Generally if you heat steel sufficiently then let it cool slowly, you may actually be softening it. If on the other hand you heat then quench without calculation, the steel may harden so much it fractures immediately.
There is also case-hardening, which I used to do for pauldrons, plastrons and carapaces. You heat the metal to cherry red then pour prussiate of potash over it. Repeat until you pas out. This forms an obscenely hard (if obscenely-discolored) surface. I was younger then, and reckless. A modern DIY case-hardening compound is Kasenit, but I dunno if this is available locally.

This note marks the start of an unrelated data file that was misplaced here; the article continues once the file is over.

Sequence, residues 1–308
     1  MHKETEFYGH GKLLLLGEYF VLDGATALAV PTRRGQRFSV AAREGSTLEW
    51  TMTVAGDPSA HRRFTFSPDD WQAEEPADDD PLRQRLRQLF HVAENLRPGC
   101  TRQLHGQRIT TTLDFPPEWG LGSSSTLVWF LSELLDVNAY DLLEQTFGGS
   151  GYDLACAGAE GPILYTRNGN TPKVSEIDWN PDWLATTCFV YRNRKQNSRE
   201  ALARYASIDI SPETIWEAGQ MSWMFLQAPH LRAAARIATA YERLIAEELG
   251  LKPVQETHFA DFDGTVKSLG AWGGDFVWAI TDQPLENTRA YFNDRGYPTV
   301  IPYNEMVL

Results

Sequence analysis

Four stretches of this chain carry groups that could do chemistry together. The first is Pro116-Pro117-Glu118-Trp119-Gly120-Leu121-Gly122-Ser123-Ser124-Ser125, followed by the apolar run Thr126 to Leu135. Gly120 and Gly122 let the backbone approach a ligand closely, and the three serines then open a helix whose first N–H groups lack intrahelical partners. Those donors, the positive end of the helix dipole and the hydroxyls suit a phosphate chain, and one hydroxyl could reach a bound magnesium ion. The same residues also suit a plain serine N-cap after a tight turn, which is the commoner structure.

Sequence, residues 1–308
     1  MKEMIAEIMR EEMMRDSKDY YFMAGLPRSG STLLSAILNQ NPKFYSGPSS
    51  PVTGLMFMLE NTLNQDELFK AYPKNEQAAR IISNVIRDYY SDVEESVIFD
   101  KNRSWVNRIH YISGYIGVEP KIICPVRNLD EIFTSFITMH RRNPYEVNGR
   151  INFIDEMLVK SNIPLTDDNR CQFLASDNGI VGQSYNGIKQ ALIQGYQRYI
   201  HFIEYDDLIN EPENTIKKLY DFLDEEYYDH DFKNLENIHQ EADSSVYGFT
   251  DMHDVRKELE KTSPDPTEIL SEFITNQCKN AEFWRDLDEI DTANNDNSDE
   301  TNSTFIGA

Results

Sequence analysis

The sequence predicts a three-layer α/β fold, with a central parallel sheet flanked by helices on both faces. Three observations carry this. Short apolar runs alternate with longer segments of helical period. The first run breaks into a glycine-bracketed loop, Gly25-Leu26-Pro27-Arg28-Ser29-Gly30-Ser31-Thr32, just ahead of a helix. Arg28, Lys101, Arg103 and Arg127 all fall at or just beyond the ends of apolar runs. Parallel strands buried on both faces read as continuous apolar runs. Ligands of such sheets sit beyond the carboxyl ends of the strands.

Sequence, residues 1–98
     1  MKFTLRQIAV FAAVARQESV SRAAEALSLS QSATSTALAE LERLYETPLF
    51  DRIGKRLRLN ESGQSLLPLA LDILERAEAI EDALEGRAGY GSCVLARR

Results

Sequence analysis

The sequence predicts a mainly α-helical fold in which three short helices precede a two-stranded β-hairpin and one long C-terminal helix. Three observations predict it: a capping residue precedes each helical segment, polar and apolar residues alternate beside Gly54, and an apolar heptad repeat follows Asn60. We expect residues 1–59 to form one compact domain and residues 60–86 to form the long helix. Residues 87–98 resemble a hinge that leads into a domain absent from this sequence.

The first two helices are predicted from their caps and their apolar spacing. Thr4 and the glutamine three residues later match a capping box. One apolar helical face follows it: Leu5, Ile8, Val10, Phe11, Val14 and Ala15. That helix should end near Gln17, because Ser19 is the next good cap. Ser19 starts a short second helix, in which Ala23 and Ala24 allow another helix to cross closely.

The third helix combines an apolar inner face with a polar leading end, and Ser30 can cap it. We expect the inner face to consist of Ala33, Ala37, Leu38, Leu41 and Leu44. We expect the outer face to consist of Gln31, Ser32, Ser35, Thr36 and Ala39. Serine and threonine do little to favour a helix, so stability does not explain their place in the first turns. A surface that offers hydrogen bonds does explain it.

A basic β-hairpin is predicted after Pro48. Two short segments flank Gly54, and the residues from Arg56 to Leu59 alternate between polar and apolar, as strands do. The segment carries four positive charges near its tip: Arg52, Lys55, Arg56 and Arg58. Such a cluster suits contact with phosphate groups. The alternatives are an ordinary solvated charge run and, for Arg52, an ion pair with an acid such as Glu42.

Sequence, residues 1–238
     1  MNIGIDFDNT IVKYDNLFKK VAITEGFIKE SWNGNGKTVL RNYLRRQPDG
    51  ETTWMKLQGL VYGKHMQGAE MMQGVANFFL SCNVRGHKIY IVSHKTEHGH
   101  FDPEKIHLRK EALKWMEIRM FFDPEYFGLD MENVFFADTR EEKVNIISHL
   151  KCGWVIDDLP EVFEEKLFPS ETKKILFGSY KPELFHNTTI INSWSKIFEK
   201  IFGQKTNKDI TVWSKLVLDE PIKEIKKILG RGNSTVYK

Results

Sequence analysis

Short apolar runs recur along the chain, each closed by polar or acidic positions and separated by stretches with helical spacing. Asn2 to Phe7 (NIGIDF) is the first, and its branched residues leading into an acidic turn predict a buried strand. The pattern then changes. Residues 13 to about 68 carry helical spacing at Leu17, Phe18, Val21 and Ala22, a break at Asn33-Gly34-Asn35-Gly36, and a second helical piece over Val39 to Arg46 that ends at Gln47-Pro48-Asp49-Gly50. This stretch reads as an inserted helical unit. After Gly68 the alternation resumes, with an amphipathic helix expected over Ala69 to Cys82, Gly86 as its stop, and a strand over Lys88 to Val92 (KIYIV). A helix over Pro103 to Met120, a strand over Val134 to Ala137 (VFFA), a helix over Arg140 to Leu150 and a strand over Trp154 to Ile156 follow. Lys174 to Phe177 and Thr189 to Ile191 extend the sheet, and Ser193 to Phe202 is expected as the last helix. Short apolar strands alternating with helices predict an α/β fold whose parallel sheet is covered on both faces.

Trust me on this, as I've BTDT...
This is something you want to leave to pro's.
The sheet-metal items I case hardened could stand minor deformation in the course of heating repeatedly. Something as finely machined as a slide, I would never touch. I'd risk deformation, and then I'd have to machine the whole piece again, except it's now hard as a dwarf's nuts!
Just have it hard-chromed
Probably the safest route to a quick (if minor) surface-hardening.
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Last edited by horge; 08-13-2004 at 02:57..